2.6.5 Upgrade Notes
It's reasonably easy to find 2.6 upgrade notes, but as I spent quite a
few hours in the process I'll post my notes. Hopefully it will save
someone some time.
I do have one question, though. I built my own kernel in the end the
.deb was about 25MB. The Debian kernel-image-2.6.5-1-686 .deb is only
15MB. I only included the parts I need in my kernel so I expected the
.deb to be a lot smaller that the stock kitchen-sink kernel-image from
Debian. Any idea why?
There may be mistakes below -- I'm new to 2.6. If so, let me know.
Upgrade to 2.6.5 April 18, 2004 (from 2.4.21)
This is a few year old Toshiba laptop 2805-S302 running Debian Sid
The goal was to move to using the kernel-image packages to make
upgrading faster in the future.
I use two wireless cards with this laptop, a SMC3632W Prism card and
a Cisco Aironet 352, otherwise, a rather boring setup. I was using the
linux-wlan-ng drivers for the Prism card, but now would like to use the
kernel (orinoco) drivers.
The kernel-image install went fine, but the wireless kept failing. I then
built from kernel-source-2.6.5 and wireless works. May or may not be
One other show stopper was ACPI caused the startup of PCMCIA (loading of the yenta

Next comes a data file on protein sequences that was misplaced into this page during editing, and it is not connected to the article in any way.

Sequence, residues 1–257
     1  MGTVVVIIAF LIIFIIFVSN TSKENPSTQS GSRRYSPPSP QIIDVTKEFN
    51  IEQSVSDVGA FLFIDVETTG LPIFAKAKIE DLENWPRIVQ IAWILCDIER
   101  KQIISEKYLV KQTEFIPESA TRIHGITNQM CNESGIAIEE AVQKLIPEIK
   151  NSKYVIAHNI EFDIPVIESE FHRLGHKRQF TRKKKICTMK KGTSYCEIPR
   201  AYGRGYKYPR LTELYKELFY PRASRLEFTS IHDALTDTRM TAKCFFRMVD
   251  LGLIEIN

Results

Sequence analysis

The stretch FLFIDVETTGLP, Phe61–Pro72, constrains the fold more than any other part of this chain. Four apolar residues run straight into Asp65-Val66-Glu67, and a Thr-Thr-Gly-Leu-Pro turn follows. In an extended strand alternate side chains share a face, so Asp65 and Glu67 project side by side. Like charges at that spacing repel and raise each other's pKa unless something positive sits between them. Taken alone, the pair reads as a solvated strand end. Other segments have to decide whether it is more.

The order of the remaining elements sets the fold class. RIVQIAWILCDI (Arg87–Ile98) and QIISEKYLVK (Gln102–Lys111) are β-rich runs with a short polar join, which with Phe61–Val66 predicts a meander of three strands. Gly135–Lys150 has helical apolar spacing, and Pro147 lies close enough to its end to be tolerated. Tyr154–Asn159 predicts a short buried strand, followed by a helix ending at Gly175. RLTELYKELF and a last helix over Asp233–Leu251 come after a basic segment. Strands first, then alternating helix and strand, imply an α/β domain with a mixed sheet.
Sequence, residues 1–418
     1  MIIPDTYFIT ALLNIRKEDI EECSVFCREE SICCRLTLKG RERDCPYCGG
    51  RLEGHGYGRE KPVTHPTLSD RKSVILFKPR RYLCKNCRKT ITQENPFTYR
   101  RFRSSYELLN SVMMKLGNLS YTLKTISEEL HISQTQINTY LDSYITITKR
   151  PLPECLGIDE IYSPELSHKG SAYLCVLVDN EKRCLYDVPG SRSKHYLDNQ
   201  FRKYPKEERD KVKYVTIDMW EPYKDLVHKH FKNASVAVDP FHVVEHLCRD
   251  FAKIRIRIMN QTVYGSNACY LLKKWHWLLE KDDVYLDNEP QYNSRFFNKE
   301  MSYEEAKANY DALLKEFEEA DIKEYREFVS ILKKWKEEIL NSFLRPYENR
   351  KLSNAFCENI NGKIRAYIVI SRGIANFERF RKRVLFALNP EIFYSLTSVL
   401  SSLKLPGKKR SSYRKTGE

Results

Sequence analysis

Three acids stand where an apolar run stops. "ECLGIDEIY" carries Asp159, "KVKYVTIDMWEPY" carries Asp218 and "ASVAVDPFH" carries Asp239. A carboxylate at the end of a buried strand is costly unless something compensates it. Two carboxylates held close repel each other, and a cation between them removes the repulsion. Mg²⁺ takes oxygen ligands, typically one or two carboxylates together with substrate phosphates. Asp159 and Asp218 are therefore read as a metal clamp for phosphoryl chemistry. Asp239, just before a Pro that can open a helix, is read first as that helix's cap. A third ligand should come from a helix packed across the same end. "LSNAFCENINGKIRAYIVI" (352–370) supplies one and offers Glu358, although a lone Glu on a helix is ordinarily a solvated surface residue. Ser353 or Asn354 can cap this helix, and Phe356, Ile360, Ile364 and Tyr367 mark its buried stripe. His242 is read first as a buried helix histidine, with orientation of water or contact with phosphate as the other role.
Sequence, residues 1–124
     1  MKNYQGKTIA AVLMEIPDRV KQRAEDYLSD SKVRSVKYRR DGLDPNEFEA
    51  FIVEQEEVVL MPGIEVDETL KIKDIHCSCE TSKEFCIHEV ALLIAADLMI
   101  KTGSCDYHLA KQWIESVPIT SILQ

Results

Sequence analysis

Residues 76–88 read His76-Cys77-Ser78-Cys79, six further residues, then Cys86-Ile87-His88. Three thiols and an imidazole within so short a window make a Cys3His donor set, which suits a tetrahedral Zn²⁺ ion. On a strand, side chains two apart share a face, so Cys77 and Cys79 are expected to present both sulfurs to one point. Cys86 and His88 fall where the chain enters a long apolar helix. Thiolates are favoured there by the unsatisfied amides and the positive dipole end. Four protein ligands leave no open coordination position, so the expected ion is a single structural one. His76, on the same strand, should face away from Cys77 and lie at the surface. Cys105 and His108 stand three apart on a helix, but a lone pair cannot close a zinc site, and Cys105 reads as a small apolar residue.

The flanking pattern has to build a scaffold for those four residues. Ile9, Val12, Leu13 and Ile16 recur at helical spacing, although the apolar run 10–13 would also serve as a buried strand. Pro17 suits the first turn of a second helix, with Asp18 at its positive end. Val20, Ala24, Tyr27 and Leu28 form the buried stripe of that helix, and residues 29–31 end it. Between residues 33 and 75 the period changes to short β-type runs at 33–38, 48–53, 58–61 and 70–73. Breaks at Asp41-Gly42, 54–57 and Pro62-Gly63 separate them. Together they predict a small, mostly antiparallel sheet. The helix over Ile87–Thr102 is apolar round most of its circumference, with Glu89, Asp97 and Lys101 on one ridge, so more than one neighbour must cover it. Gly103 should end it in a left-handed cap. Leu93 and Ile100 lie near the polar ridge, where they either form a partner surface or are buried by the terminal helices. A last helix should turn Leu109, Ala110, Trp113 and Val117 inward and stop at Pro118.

CardBus driver) to hang the machine. So I disabled ACPI and use APM
I don't use USB, so didn't test.
Part 1 -- Using kernel-image-2.6.5-1-686
First did a dist-upgrade to make sure I was up to date.
# apt-get install kernel-image-2.6.5-686
That also installed the required module-init-tools and initrd-tools.
That's an initrd kernel so need to add initrd=/initrd.img to lilo.
(the install will warn about this)
Make sure there's a symlink to the real initrd.img file in /boot.
So adjusted my /etc/lilo.conf:
initrd=/initrd.img <<--- added
As noted, PCMCIA loading of my yenta CardBus driver for PCMCIA hung.
Google searches showed that this was a ACPI conflict, and indeed booting
boot: Linux pci=noacpi
solved the problem. That doesn't completely disable ACPI so, for example,
my battery monitor in IceWM didn't work (it's APM based, I guess), so in
lilo.conf I completely disabled ACPI: